After deciding that the beer tasted too good to stay any longer, we rode through the marina and picked up the Undercliff Walk which turned out to be a beautiful ride under the chalk cliffs between Brighton and Peacehaven for about 2.5 miles. I recommend this ride to anyone, especially on a sunny day.

That just left us a final ride over the small mountain range that sits between Peacehaven and Newhaven which wasn’t aided by the two beers consumed in Brighton. However, we still made it to Newhaven with loads of time to spare… enough in fact to make a visit to the Hope Inn (underneath the fort) which was an excellent spot from which to watch our ferry sail in and try a few more of the local alcoholic beverages.

We boarded the 5.30 ferry with a minimum of fuss and set up camp in the cafeteria to have some dinner and (yes you guessed it) a few drinks to relieve the boredom of a 4 hour ferry crossing.

Finding the Ibis Budget Central Dieppe Hotel wasn’t so easy it turned out, after far too much alcohol, despite having maps and directions. We did eventually get there though and it was to time to crash out and grab some sleep. Well, at least I did. I understand several others went in search of yet more beer albeit unsuccessfully! The hotel was clean, tidy and very good value for money. It was also very easy to find.. for a sober, half intelligent person. It has a secure indoor courtyard to lock the bikes up in, a basic breakfast offering and good showers. Job done. Day 1 was finished!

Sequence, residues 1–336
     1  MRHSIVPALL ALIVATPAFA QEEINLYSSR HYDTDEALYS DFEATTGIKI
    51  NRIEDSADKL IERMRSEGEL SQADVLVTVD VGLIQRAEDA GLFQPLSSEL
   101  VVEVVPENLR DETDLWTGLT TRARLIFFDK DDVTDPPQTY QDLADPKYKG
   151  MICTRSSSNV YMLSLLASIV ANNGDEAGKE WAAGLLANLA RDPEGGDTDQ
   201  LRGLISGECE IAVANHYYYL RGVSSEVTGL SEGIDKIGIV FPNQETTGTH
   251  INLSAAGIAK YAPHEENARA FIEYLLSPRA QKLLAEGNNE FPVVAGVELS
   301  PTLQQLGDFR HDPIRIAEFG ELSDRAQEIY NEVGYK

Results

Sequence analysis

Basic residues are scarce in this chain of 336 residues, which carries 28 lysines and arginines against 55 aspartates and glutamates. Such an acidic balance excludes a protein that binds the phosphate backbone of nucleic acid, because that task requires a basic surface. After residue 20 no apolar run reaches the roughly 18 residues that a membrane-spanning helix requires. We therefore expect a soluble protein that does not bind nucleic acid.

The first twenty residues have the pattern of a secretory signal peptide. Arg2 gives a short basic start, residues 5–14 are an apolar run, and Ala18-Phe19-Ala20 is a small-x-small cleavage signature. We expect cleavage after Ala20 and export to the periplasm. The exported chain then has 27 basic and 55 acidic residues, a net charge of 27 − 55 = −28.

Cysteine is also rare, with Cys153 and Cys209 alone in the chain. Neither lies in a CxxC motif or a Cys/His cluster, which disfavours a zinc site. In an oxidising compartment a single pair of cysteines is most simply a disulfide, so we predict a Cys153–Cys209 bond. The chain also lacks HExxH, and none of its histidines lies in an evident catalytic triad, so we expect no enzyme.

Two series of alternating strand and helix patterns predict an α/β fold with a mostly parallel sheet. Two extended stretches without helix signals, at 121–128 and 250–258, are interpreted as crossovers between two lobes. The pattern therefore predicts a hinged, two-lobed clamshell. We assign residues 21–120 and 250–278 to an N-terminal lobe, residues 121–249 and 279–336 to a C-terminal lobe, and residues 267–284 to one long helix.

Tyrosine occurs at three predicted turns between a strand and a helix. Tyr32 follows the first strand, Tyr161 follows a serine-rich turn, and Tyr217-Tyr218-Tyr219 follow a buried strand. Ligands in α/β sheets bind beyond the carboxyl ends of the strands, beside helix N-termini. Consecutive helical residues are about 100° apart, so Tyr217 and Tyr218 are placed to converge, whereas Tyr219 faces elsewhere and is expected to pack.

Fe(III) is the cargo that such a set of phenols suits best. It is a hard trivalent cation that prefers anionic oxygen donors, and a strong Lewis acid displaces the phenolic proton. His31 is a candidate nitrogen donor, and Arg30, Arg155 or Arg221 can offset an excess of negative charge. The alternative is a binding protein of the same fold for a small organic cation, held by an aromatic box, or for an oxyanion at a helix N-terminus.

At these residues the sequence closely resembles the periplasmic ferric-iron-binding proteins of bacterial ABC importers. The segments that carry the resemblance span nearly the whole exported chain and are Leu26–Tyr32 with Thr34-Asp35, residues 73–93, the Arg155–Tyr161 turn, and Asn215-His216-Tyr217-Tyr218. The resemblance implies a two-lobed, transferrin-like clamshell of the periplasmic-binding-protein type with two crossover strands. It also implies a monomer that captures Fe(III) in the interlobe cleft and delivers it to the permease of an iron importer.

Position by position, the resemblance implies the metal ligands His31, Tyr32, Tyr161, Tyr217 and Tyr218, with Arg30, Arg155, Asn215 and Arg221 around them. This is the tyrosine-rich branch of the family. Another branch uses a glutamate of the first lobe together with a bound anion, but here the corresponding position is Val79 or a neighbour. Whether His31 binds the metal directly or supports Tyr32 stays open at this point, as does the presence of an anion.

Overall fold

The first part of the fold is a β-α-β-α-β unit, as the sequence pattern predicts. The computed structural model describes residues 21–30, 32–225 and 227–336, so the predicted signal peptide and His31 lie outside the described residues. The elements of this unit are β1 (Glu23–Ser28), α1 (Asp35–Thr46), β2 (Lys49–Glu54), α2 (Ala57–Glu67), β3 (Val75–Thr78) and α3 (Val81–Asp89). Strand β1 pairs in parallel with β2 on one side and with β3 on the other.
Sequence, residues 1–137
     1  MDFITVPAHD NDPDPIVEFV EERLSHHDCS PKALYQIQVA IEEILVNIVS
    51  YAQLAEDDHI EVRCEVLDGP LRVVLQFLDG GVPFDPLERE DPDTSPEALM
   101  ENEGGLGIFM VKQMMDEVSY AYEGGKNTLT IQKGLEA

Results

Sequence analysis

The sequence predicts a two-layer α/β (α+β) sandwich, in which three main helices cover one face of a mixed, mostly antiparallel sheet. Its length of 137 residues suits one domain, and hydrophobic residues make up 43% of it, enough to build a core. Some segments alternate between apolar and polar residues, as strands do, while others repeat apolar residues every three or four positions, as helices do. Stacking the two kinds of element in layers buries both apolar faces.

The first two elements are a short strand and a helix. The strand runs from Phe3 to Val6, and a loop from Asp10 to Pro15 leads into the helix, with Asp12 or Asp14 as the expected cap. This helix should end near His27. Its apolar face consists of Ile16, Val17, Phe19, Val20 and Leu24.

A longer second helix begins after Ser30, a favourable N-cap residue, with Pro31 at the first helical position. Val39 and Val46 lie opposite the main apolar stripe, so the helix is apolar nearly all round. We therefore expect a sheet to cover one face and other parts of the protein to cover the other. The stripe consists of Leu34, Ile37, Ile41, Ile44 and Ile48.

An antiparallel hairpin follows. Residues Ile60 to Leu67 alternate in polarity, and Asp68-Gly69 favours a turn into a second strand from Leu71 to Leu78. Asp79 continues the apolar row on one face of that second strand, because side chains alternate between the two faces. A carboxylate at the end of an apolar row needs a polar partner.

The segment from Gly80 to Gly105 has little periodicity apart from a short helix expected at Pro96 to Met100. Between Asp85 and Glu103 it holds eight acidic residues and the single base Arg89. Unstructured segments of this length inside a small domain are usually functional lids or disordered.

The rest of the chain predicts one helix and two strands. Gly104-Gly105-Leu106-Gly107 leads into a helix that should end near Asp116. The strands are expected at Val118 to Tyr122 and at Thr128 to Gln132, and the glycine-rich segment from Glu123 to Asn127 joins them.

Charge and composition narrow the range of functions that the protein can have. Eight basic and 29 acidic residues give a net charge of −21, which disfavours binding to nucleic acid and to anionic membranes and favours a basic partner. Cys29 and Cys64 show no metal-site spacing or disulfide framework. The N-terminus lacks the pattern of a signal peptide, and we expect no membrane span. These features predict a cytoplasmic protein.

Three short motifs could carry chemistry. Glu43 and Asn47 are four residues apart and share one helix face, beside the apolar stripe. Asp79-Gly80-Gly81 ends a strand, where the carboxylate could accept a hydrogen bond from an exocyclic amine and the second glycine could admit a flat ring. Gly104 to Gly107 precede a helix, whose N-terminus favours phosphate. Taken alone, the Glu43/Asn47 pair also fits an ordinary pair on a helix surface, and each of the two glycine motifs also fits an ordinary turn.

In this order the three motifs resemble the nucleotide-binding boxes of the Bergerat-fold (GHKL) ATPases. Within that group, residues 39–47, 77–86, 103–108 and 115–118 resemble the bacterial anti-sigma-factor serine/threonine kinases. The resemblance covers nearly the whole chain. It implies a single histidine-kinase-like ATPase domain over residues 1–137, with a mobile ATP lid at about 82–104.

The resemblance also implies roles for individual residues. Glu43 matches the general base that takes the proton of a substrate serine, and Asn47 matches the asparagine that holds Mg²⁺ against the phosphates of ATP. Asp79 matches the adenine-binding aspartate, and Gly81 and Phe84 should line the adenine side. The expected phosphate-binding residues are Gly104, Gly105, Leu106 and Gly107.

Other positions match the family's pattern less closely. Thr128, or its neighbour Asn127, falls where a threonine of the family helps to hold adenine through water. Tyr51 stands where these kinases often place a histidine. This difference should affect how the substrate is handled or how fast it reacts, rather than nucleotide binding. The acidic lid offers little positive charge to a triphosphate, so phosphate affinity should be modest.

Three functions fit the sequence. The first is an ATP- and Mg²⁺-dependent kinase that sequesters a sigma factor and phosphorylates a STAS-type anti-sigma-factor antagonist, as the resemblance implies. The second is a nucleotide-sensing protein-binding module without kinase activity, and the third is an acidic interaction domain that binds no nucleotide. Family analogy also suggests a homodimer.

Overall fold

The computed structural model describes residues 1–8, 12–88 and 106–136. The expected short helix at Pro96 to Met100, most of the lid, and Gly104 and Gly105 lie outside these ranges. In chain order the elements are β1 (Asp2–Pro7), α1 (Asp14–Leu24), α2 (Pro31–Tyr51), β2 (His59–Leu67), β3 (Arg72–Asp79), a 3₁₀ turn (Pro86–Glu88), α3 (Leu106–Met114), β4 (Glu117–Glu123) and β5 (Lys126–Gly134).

Paris or bust! (Day -1)

It’s been a while since I felt like writing anything but my recent cycling trip to Paris seems like an ideal opportunity to put fingers to plastic once more. To recap, I and six friends had planned a three day cycling trip from the foot of the Surrey Hills to the Arc de Triomphe in Paris which we undertook last weekend (June 21st-24th 2019).

I’ve put down a lot about the thought that went into the equipment I used on my blog before – mostly to do with the bike itself but I thought I would wrap all of that up in a short post so here goes:

Bike: Planet X London Road (the ‘Vomit Comet’)

I bought the Planet X bike as it seemed like an ideal combination of robustness, all round capability, luggage mounting and colour. I wanted a capable road bike that had disc brakes, would take wider tyres and could also take a rack and panniers. The PXLR seemed to tick all the boxes for me and, at a starting price of £500, was very good value for money. The only adjustment I made was to put a (familiar to me) Fabric Scoop saddle on it as the original one seemed uncomfortable.